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Analysis of Global Change Assessments Lessons Learned Working groups were interactive. IPCC approaches were utilized throughout the assessment, including evaluation of uncertainty, two rounds of review, and use of an independent review board. Strong communication strategy with specific products designed for a variety of stakeholders; wide distribution of products as well as web availability. Events publicizing program results held simultaneously in a host of major cities around the world. The prime audiences were all of the environmentally based UN conventions, which provided a stimulus for greater interaction among them. Weaknesses: There was no direct government involvement beyond interaction with the Conference of the Parties. There was no plan for follow-up activities. THE GERMAN ENQUETE KOMMISSION The German Parliament (Bundestag) has the opportunity to create parliamentary investigation committees called “Enquete Kommissions” to address specific subjects of societal interest. As a rule, half of the members who serve on these committees are elected members of the Bundestag, while the other half are experts in the field of the study. This model is notably different from other assessment processes, which in the United States normally do not include politicians. The members work jointly to address the questions under deliberation, so that in this institutional arrangement there is no “firewall” between scientists and policy makers. The rationale for composing an Enquete Kommission with both policy makers and scientists is that scientific findings can be integrated much more rapidly and comprehensively into the parliamentary deliberations. In October 1987, the Bundestag established, for example, an Enquete Kommission to recommend to the executive branch “Preventive Measures to Protect the Earth’s Atmosphere.” It was to assess the importance and consequences to the country of stratospheric ozone depletion and of climate change in a comprehensive manner. It advised both the Eleventh and Twelfth Deutsche Bundestag from 1988 to 1994. As of November 1988, this particular Enquete Kommission included 11 members of the Parliament (five Christian Democrats, three Social Democrats, one from the Free Democratic Party, and one from the Green Party) and nine members from the academic and scientific world. The secretariat, which was providing technical help, included eight members in addition to a study director.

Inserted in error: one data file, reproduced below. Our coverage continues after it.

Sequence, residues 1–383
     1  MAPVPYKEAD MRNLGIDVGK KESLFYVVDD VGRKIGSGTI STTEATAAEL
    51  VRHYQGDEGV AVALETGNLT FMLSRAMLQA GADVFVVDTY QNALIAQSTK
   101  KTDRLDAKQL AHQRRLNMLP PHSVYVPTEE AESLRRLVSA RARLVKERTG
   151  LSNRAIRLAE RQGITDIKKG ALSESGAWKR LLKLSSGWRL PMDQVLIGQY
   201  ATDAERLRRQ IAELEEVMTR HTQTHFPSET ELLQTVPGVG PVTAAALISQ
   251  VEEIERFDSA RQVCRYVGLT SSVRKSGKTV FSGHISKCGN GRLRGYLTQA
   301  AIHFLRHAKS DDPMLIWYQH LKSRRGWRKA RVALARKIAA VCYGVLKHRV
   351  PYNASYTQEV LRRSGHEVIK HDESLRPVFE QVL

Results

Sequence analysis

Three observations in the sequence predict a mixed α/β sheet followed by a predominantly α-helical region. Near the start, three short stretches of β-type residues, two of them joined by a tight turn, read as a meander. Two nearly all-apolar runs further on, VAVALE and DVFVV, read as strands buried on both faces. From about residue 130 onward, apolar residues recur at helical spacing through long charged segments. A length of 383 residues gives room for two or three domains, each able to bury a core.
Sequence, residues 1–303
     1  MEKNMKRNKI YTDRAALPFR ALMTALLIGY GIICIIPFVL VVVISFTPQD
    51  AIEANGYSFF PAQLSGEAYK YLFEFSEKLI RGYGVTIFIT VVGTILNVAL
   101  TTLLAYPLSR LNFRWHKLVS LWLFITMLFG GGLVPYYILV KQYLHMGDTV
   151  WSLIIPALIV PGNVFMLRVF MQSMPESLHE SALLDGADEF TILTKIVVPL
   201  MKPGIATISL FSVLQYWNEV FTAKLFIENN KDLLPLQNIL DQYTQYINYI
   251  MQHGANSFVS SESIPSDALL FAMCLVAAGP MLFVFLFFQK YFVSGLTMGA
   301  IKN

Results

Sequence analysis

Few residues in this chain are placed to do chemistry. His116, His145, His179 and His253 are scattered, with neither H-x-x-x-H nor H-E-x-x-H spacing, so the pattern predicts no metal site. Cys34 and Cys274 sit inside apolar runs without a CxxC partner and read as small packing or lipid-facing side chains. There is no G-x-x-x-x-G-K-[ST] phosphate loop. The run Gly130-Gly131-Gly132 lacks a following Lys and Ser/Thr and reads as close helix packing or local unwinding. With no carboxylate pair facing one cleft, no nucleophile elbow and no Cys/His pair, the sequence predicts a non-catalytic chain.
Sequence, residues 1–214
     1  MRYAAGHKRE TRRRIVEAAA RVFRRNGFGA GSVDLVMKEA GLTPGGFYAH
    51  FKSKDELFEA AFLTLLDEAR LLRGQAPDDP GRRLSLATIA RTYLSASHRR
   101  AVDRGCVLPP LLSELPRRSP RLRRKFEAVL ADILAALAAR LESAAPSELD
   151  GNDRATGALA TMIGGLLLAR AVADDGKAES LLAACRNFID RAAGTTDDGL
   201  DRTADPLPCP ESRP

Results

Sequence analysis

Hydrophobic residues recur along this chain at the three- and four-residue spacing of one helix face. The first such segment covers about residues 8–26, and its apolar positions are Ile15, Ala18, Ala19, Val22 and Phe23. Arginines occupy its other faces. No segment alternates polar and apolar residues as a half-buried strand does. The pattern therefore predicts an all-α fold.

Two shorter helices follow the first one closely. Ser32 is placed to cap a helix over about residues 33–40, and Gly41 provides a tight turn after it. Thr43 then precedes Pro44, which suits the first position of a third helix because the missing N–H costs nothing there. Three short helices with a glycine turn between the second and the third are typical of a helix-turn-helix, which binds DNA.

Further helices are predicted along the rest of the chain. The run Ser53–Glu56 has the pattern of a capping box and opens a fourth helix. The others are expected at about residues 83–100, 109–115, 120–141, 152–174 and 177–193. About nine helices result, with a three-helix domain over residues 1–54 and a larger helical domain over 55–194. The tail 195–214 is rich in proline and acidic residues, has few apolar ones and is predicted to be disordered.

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Analysis of Global Change Assessments Lessons Learned Establishing Clear Rationales and Appropriate Institutional Structures. The terms of reference for this particular Enquete Kommission were established following a motion presented to the German Parliament by two political groups and approved by the Parliamentary Assembly, hence providing a clear mandate. The task of the committee was to collect evidence on global change in the Earth’s atmosphere, current scientific knowledge of the cause-effect relationships involved in changes taking place, and to propose national and international measures of prevention and control in the interest of protecting both humans and the environment. Designing and Scheduling Assessment Activities. The Enquete Kommission determines how it conducts its activities. Reports are expected at stated periods and are presented for discussion to the plenary Parliamentary Assembly. Visits of the committee to specialized institutions and participation of committee members in national and international scientific conferences are scheduled. A list of potential experts who will be invited to testify is established. The topics for expert reports and the related schedule for publication are established by the committee. Involving the Scientific Community and Other Relevant Experts. External experts originating from the academic, scientific, and industrial sectors are invited to testify before the committee. In the case of the Enquete Kommission on “Preventive Measures to Protect the Earth’s Atmosphere,” industry representatives as well delegates from the public sector were invited to provide input. Engaging the Potential Users of Assessment Products. The primary user of this assessment was involved in the deliberations throughout the process. Communicating Scientific Knowledge Accurately and Effectively. Each month, the Enquete Kommission organized a press conference to highlight the latest findings of the committee and to communicate the content of the presentations made by external experts. Topics discussed by the committee were often featured in the German press. Guiding Plans for Future Activities. The reports of the Enquete Kommission provide specific recommendations regarding future observation campaigns, laboratory experiments, and model development. Creating Valued Products. The Kommission produced a series of comprehensive documents that assessed the scientific knowledge on stratospheric ozone depletion and the protection of the tropical forest, and climate